Monday, 19 March 2012

Energy consumption down, but efficiency is too

It’s been a warmer than average winter, only 75% as cold as last year according to an independent source, and my calculations bear that out too.

Season Degree Days @17.5C Average Per Day
2008-2009 2134 10.51
2009-2010 2121 10.45
2010-2011 2072 10.21
2011-2012 1567 7.71

This smaller temperature difference  complicates things, as we now have a much bigger effect from our baseline usage, which had been ignored in previous calculations.

  Low Rate
High Rate Electricity
Per Degree Day
08-09 7.20 16.30 71.90 95.40 9.08
09-10 7.09 16.18 62.52 85.79 8.21
10-11 7.14 18.46 60.73 86.33 8.46
11-12 5.49 15.38 50.42 71.29 9.24

As you can see, our total energy use per degree day has actually increased, despite the changes made with better lighting and timed radiator valves.  In addition, we reduced the heating to only 7.5 degrees in a 3m x 4m room at the back of the house with 3 outside walls which uses electrical heating.  I have to admit, I’m disappointed.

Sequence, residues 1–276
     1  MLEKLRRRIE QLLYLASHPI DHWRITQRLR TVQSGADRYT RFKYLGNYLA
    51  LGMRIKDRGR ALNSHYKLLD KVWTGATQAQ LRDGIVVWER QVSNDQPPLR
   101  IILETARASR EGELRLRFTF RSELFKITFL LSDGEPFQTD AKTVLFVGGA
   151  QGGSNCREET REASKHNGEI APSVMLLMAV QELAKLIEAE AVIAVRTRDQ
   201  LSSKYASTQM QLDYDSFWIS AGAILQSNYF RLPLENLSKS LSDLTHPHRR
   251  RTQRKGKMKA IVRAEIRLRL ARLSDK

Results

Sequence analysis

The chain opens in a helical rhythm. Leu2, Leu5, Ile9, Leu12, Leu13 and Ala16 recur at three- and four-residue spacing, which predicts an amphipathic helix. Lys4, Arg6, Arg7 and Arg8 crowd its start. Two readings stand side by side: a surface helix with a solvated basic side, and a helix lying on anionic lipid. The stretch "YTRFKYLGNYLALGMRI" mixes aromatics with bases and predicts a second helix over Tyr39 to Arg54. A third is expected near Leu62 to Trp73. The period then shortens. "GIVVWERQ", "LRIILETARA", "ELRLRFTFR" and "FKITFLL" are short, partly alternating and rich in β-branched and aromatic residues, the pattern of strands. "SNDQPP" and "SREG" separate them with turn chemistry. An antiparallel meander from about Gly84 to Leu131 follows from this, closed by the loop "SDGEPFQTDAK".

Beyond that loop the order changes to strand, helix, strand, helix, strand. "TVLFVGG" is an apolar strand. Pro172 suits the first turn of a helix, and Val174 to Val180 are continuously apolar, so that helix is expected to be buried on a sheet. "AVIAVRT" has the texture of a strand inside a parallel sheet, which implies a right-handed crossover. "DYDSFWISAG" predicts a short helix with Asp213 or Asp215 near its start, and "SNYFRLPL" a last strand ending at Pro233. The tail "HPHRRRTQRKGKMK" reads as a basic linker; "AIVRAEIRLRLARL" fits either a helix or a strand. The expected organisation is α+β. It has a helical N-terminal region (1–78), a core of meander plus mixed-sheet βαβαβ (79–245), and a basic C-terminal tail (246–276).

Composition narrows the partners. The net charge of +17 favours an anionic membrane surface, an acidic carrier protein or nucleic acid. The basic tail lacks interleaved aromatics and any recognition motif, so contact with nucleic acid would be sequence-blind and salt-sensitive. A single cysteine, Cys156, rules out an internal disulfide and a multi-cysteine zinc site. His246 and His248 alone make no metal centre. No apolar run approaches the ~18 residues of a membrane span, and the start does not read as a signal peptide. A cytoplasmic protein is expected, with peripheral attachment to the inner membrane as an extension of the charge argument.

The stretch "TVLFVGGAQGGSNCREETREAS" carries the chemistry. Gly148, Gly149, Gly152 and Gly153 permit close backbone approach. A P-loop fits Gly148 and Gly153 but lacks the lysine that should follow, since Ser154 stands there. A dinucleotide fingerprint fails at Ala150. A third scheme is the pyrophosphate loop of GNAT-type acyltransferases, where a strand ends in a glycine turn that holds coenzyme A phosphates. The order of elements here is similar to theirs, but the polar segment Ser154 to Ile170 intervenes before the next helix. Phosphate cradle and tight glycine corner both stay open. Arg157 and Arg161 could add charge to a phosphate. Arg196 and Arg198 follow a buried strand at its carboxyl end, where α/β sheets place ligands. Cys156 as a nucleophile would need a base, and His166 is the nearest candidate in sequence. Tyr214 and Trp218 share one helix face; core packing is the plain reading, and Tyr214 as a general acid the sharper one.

Maybe if we look at the numbers differently.  Our baseline gas usage appears to be about 12 kWh/ day, and our electricity usage about 8 kWh for high rate, and 4 kWh for low rate.

Below is the table with units of kWh per degree day.

  Low Rate
High Rate Electricity
10-11 0.307 1.024 4.772 6.104
11-12 0.193 0.958 4.983 6.134

While this is better, you can see that the overall usage is still the same, with no measurable effect from the changes, though High Rate electricity is actually down 7 per cent, and low rate is down 38 per cent, but gas usage is actually up 4 per cent, overall though we used 0.5% more energy per degree day than last year.

I’ll have to put this down the the fact that we have the gas fire on in the lounge in the evenings, and it is really toasty in there.

The other good news though is that we did manage to generate .45 kWh of high rate electricity per degree day over the period, which is included in the consumption figures above.

So in terms of fossil fuels, our consumption has dropped by 7% over the period.

In terms of absolute cost, we used 18%  less energy we did in the previous heating season, but that was unfortunately offset by an 18% rise in prices over the same period, so costs were similar to the previous year.

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